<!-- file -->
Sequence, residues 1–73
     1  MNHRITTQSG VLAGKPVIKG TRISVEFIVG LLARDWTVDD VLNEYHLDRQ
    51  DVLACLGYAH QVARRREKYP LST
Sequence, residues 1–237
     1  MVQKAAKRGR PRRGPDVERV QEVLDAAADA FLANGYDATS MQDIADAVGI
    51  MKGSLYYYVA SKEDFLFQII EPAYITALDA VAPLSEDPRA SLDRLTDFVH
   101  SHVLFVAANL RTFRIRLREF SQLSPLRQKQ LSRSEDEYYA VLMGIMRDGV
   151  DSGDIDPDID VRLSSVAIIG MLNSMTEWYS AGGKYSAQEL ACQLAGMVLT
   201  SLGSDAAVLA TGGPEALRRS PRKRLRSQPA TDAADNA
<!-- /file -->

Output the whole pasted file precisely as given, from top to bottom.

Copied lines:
Sequence, residues 1–73
     1  MNHRITTQSG VLAGKPVIKG TRISVEFIVG LLARDWTVDD VLNEYHLDRQ
    51  DVLACLGYAH QVARRREKYP LST
Sequence, residues 1–237
     1  MVQKAAKRGR PRRGPDVERV QEVLDAAADA FLANGYDATS MQDIADAVGI
    51  MKGSLYYYVA SKEDFLFQII EPAYITALDA VAPLSEDPRA SLDRLTDFVH
   101  SHVLFVAANL RTFRIRLREF SQLSPLRQKQ LSRSEDEYYA VLMGIMRDGV
   151  DSGDIDPDID VRLSSVAIIG MLNSMTEWYS AGGKYSAQEL ACQLAGMVLT
   201  SLGSDAAVLA TGGPEALRRS PRKRLRSQPA TDAADNA